Expert advice on coping with the death of your spouse or partner.
The death of your partner can leave a big hole in your heart.
Whether you’ve known your partner a few months or been married for 50 years, when your significant other dies, it may feel like part of you is gone too. For someone who has been married for a long time, the death of their husband or wife is “the single event that is most liable to affect the health and well-being of the survivor,” according to Russell Friedman and John W. James of The Grief Recovery Institute.
So, how do you get through the enormous grief you feel when your partner dies? It’s not easy but you can begin to feel better. To help, Legacy offers advice from grief and loss experts on how to cope with the death of your spouse or partner.
The death of a partner or spouse is devastating, whether you’ve been together five months or five decades. The question isn’t when do you stop grieving, it’s when do you start taking the actions of grief recovery that will help you become emotionally complete.
The death of your spouse can have a huge impact on your health and well-being. For the vast majority of grieving widows and widowers (of long-term marriages) we’ve ever talked to, the sense of the death of their mate is “like losing a piece of their body.”
What about those long hours in the middle of the night when I wake and can’t get back to sleep? Here are 9 tips for surviving long, sleepless nights after the death of your partner.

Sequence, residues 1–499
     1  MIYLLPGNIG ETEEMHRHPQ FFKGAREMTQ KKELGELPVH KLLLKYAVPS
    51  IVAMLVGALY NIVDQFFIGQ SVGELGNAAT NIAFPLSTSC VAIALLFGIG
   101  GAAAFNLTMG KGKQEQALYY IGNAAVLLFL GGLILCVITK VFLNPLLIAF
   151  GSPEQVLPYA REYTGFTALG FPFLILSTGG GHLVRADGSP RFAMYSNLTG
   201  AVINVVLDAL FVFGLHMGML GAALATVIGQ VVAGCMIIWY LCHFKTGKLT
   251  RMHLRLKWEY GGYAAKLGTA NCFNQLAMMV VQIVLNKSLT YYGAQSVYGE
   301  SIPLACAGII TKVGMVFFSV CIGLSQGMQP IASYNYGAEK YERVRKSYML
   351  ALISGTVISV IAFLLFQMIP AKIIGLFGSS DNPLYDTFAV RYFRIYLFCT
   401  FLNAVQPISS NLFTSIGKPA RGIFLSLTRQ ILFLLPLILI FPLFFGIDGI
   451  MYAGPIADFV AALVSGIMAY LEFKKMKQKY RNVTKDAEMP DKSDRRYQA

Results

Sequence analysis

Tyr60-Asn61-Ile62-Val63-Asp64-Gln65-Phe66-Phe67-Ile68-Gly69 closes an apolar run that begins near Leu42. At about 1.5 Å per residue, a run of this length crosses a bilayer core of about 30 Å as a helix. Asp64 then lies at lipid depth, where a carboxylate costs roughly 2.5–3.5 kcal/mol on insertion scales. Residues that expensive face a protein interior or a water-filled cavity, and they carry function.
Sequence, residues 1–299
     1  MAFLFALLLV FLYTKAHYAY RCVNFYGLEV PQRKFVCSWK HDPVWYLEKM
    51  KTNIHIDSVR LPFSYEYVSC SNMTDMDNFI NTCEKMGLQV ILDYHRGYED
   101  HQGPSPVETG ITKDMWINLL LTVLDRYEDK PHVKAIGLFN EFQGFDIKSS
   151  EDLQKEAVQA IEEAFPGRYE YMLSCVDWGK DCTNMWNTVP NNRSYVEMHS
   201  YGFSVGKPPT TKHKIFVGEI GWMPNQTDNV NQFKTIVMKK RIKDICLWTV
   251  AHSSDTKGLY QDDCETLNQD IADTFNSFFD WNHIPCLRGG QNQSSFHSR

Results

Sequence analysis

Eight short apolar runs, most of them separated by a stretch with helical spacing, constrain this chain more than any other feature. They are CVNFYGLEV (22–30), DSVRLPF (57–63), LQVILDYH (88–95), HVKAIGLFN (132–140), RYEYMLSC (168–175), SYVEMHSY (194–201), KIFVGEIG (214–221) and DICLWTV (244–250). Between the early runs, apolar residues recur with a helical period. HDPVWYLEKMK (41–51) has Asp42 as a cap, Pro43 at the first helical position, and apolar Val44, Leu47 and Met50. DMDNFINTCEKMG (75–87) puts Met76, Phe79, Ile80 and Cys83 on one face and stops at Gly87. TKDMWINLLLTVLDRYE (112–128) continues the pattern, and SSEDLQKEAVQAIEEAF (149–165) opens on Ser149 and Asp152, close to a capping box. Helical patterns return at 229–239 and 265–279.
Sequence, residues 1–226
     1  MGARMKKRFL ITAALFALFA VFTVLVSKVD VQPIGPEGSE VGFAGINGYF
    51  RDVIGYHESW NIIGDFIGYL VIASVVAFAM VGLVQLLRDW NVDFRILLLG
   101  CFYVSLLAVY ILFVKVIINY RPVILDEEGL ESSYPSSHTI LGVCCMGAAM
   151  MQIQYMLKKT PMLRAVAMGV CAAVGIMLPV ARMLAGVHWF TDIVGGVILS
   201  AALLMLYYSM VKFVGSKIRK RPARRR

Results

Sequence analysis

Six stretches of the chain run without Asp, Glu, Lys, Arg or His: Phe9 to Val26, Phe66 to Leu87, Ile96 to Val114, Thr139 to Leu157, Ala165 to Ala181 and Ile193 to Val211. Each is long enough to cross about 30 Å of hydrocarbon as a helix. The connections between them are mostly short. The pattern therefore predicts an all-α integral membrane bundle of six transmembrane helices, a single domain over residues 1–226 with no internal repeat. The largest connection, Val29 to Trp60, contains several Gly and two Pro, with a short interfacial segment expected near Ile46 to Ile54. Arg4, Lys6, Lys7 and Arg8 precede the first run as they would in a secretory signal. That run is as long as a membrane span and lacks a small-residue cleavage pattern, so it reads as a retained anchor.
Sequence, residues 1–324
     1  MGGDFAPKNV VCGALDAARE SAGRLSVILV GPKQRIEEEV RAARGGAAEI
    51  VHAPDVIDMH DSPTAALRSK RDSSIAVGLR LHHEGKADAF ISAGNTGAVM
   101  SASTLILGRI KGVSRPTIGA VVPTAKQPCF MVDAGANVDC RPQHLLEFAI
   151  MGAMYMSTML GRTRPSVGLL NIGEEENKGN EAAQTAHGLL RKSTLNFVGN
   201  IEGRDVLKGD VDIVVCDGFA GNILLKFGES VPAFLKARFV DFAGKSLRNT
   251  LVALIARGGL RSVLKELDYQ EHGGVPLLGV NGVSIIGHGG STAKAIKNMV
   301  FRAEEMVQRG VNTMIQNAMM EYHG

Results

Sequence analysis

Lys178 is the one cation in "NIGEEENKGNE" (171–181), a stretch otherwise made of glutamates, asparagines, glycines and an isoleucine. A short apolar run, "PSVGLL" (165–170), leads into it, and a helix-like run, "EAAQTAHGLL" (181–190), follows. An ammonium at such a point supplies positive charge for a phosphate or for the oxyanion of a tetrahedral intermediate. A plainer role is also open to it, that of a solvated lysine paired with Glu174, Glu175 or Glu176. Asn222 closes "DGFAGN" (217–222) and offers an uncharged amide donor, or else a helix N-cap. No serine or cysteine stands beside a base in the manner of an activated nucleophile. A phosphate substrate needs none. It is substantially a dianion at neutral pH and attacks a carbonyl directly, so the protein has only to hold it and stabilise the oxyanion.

A great many people are affected by the death of their former spouses, and are often confused by the tremendous depth of feeling caused by that event. Many people are surprised and confused by the grief they feel when a former spouse dies.
The image of only being partially here is powerful, but is dangerous for setting up the idea that life is not valuable without your loved one. After losing your spouse, it’s important to remember that you are still you—even without your partner.
Becoming emotionally complete in the aftermath of the death of someone tremendously important to you is achieved by taking a series of small and correct actions that lead to recovery. It takes more than time to heal after the death of a partner or spouse.
If you’ve ever been through a loss, or observed a friend who was grieving, you probably recognize the overwhelming emotions described in these stages. But you might also be thinking that the grief you’ve experienced wasn’t quite that tidy.